An ELT Glossary : Catenative verbs

Catenative verbs are verbs which are followed directly by another verb, in the bare infinitive, to + infinitive or V+ing form. Catenative literally means "chaining". Some examples :

a) Catenative verb followed by bare infinitive

All modal verbs fall into this category :

He can speak three languages.
You should leave before lunchtime

Lexical verbs following this pattern are rare but include help :

They helped clear up the kitchen

b) Catenative verb followed by to + infinitive

We decided to wait.

He expected to win.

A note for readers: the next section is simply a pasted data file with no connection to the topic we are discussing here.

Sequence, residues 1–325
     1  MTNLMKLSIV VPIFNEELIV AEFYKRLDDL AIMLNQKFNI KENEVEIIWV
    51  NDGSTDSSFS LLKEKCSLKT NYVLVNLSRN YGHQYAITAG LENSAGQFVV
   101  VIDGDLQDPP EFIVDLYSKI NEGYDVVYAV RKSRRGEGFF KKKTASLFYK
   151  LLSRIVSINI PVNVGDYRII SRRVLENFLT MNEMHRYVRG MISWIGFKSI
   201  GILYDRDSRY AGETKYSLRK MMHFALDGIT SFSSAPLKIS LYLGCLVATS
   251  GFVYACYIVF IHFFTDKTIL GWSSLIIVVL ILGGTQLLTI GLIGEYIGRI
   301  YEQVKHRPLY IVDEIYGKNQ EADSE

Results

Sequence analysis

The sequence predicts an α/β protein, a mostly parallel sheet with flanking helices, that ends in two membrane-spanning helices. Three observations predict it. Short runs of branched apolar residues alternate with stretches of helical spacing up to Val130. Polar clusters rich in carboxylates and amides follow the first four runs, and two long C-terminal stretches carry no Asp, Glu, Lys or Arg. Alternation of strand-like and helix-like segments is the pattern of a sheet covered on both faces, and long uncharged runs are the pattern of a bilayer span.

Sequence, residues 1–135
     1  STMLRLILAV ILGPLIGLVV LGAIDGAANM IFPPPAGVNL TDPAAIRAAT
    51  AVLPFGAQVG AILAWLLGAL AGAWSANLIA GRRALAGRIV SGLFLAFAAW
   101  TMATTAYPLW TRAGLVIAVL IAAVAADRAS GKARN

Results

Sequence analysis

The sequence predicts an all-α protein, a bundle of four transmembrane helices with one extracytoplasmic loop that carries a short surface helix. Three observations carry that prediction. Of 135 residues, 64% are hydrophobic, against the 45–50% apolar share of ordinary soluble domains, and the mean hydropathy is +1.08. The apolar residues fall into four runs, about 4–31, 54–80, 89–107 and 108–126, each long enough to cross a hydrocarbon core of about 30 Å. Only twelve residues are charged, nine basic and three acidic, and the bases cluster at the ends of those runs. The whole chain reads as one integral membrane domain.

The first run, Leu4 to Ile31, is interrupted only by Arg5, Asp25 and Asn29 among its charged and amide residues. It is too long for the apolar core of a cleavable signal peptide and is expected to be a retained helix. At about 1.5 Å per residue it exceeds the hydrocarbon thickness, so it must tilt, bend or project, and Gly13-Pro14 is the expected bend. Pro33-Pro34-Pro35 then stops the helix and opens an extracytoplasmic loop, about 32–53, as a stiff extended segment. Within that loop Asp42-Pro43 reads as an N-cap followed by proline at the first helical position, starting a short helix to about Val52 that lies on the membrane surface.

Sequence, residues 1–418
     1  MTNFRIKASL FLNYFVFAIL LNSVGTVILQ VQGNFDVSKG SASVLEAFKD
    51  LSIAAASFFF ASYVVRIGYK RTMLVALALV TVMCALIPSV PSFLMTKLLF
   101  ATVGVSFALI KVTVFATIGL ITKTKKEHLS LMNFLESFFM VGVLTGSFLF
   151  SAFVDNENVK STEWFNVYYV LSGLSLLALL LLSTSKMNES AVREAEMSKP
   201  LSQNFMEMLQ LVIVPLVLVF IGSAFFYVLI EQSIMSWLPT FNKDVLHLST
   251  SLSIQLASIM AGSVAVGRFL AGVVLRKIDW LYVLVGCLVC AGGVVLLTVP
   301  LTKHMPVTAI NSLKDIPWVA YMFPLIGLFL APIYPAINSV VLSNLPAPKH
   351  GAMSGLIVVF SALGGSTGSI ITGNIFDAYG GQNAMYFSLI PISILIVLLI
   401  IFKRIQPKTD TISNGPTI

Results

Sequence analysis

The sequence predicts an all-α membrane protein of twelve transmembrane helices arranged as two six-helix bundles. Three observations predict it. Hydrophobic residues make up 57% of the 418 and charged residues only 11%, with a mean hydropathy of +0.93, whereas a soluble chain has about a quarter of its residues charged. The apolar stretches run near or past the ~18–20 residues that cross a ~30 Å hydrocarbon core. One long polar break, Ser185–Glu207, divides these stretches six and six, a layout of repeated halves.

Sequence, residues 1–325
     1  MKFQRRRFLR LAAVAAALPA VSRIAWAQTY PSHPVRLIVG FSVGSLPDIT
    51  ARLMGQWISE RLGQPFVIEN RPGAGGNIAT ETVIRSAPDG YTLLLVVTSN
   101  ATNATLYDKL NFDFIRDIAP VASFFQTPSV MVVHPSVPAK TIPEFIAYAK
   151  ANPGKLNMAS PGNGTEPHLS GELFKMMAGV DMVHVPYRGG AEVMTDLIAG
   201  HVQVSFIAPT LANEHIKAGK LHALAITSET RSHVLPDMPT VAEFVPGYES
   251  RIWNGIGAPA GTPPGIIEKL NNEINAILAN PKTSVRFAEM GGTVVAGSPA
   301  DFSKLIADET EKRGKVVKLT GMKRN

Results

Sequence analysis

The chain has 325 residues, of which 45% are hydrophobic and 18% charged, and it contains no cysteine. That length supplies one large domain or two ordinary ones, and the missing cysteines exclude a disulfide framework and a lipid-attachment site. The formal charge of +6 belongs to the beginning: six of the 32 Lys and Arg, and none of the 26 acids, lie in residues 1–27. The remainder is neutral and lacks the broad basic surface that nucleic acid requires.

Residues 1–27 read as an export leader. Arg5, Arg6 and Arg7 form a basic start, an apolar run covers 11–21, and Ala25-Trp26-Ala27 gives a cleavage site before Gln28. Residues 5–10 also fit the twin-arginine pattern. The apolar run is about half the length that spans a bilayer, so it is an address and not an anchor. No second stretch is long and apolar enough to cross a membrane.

We agreed to lower the price.
I want to see you about something

c) Catenative verb followed by V + ing

She loves reading.

Have you finished eating?
I'd suggest waiting for a while.

Some verbs can be used in more than one of these patterns with no change of meaning - eg help and start

They helped clear up the kitchen.
They helped to clear up the kitchen.

It started raining at about two.
It started to rain at about two.

Further Reading

Downing and Locke, English Grammar - A University Course, Routledge